By Sue Paul, PA energy market expert
Most energy markets have some form of audit regime in place to assure stakeholders that the market is being operated compliantly.
But energy markets have hundreds of participants and thousands of obligations, with a range of business processes/systems to support those obligations. It is not cost effective to examine every aspect of the market. As Independent System and Market Operators (ISMOs) and energy regulators around the world reign in their budgets, achieving the right balance between cost and assurance will be key. For example, flattening demand in Australia means a lower operating budget for the Australian Energy Market Operator, which recovers fees based on energy usage, while in New Zealand and the Philippines political pressure means regulators are conservative when approving market fees & budget.
Energy regulators and ISMOs can ensure their audits provide a robust level of assurance while remaining cost-effective by adopting a simple three step risk-based approach to audit management.
1. Adopt a structured approach to identifying and analysing compliance risks
A structured approach to risk assessment will enable you to create an inventory that quantifies the nature of the compliance risks in your market. This will allow you to capture your compliance risks and provide a sound basis for specifying audit scope and focus based on the significance of each risk.
For example, Elexon, the ISMO in the UK, applies the ISO 31000:2009 risk management framework to compile a comprehensive register of settlement risks categorised by severity. Likewise, we have leveraged our insights through years of auditing ISMOs to compile a list of hundreds of compliance risks relating to market/systems operations and settlement, and clearing. We use this risk register to determine which business areas to dedicate effort and focus to as described below.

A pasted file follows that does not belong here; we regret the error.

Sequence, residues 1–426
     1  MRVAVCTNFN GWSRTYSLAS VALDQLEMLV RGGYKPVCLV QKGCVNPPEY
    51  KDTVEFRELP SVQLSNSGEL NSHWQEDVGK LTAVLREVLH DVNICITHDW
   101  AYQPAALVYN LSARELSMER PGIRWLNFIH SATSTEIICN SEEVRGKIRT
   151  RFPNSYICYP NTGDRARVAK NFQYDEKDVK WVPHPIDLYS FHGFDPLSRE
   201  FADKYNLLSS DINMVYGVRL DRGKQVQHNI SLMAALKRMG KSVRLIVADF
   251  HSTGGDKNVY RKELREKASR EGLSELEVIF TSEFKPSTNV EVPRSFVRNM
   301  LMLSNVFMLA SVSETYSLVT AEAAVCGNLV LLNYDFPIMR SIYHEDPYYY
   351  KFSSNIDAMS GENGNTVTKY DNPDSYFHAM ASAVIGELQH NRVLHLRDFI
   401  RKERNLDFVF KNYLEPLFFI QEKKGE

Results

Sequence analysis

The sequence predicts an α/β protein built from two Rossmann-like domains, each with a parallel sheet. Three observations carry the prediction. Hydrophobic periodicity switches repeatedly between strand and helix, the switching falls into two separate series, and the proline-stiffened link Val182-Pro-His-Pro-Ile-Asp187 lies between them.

2. Specify audit parameters based on compliance risk
With compliance risks analysed, you will be in a position to map them against owners and obligations, and to plan an appropriate audit regime. This will involve:
- Audit scope related to compliance risk. Audit scope can span three key areas: process compliance, market software and Information and Communications Technology (ICT) systems. In our experience, ISMO audits should include all three components, as ISMOs’ market and ICT systems implement critical obligations relating to dispatch and settlement. For other entities (e.g. meter data providers) a narrower scope, involving operational compliance and light-touch testing of market software only, is sufficient.
- Audit focus areas. Mapping risks against obligations and business process areas will enable you to determine where to focus audit effort. For example, PA’s audits of dispatch processes focus most heavily on dispatch calculations, exercise of ISMO discretion in dispatching out of merit and issuance of dispatch advisories to participants, as these are the areas where breaches can have the most adverse outcomes.
- Rotating audit scope to include lower risk areas. From time to time, it’s important to scrutinise lower risk areas in more detail to ensure non-compliance in these areas does not go undetected (e.g. recurring breaches caused by staff ignoring process controls).
3. Embed risk management into your audit regime by continually monitoring compliance risk so that audits are dynamic and risk-reflective
Risks evolve so audit regimes need to evolve too. You can keep your audits dynamic and risk-reflective by regularly updating the risk register to reflect new and changing risks (e.g. as previous high-risk areas become less severe due to the introduction of process automation/documentation; or as lower risk areas become severe due to recurring incidents and process/staffing changes).
The costs associated with auditing complex energy markets can be out of proportion to the value the audit delivers in terms of meeting regulatory and strategic obligations – and can actually work against the ISMO or regulator’s intention, which is to protect value for stakeholders. Embedding risk management in the audit regime helps ensure resources and effort is targeted to deliver a more cost-efficient and effective audit, without comprising compliance.